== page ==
Great Lines: Charlotte Bronte

Do you think, because I am poor, obscure, plain, and little, I am soulless and heartless? You think wrong! — I have as much soul as you — and full as much heart! 

Jane Eyre to Mr Rochester in chapter 23 when she tells him that she must leave his employment because of his supposed marriage to the beautiful but cold Miss Ingram.

Full quote

Where? You, sir, have placed it before me.”

“In what shape?”

“In the shape of Miss Ingram; a noble and beautiful woman, — your bride.”

“My bride! What bride? I have no bride!”

“But you will have.”

“Yes; — I will! — I will!” He set his teeth.

“Then I must go: — you have said it yourself.”

“No: you must stay! I swear it — and the oath shall be kept.”

“I tell you I must go!” I retorted, roused to something like passion. “Do you think I can stay to become nothing to you? Do you think I am an automaton? — a machine without feelings? and can bear to have my morsel of bread snatched from my lips, and my drop of living water dashed from my cup? Do you think, because I am poor, obscure, plain, and little, I am soulless and heartless? You think wrong! — I have as much soul as you, — and full as much heart! And if God had gifted me with some beauty and much wealth, I should have made it as hard for you to leave me, as it is now for me to leave you. I am not talking to you now through the medium of custom, conventionalities, nor even of mortal flesh; — it is my spirit that addresses your spirit; just as if both had passed through the grave, and we stood at God’s feet, equal, — as we are!”

“As we are!” repeated Mr. Rochester — “so,” he added, enclosing me in his arms. Gathering me to his breast, pressing his lips on my lips: “so, Jane!”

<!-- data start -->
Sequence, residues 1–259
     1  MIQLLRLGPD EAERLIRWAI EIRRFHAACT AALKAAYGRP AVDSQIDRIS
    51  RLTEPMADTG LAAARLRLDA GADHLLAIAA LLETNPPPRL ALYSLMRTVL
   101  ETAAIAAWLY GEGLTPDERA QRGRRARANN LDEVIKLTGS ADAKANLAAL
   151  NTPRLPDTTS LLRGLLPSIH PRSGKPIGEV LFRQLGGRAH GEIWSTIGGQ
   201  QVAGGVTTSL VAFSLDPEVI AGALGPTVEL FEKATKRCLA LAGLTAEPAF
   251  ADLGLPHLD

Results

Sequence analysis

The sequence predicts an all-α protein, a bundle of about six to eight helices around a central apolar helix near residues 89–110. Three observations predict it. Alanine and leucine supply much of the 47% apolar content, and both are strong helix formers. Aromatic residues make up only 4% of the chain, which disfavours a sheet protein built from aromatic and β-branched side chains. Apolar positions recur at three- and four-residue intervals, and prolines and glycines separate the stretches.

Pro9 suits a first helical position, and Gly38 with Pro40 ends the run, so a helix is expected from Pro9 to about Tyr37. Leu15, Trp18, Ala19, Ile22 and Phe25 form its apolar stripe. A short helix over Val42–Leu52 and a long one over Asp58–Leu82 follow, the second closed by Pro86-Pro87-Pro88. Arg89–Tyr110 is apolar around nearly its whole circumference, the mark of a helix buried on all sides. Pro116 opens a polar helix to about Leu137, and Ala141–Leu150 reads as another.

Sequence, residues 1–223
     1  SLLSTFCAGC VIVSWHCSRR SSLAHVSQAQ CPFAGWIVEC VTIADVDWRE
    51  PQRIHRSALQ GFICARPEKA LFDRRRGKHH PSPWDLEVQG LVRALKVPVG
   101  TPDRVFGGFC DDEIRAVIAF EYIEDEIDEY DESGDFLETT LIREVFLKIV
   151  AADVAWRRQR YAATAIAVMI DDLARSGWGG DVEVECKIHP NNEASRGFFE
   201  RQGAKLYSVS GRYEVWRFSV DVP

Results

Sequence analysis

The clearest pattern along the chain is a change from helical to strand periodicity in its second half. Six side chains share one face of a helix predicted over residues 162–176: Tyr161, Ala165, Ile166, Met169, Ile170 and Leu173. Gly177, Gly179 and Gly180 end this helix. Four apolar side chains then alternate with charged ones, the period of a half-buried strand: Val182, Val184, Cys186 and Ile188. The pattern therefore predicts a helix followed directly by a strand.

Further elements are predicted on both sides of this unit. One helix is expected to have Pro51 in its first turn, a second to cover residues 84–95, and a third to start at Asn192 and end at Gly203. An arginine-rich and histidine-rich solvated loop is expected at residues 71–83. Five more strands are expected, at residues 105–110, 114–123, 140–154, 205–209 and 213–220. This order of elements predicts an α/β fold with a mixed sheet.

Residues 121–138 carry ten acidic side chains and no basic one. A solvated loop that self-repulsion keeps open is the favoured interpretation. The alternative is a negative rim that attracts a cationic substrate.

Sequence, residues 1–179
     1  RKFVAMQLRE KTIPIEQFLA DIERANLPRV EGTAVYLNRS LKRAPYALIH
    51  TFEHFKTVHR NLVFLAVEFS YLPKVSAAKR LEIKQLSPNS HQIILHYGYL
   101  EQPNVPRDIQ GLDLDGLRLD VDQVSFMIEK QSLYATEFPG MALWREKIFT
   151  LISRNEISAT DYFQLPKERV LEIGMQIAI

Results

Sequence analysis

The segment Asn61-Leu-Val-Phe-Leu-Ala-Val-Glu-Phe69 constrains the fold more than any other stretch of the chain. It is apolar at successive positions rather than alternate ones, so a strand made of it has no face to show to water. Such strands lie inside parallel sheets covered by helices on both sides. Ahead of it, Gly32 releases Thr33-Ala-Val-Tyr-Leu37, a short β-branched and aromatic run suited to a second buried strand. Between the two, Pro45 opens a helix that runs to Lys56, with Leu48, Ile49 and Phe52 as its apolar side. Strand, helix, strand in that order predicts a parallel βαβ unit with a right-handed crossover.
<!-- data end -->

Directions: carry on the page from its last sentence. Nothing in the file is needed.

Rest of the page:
‘Jane Eyre’ is a novel, written by Author Charlotte Bronte  (b.  1816 – 1855 Haworth, Yorkshire, UK) under her  pen name ‘Currer Bell’ and was published by Smith, Elder and Co of London in 1847.  The book is considered a feminist book in a non political way, because it explores the heroine’s search for equality in a Victorian world.  The heroine also  questions and criticises the Class system, her place in society, religion and sexuality. The novel is a  a  vibrant love story with many trials and tribulations that lead Jane to  eventual  happiness.  The story is  told in a First person narrative, making it intimate and compelling.

Click on a previous post of mine  Did the real Charlotte Bronte just stand up?

More reading – and thanks to;

Interpretations and analysis Here

The Victorian web

Image from Here

More great lines from Charlotte Bronte

Jane Eyre Book image

Leave a Reply

Fill in your details below or click an icon to log in: Logo

You are commenting using your account. Log Out /  Change )

Facebook photo

You are commenting using your Facebook account. Log Out /  Change )

Connecting to %s

%d bloggers like this: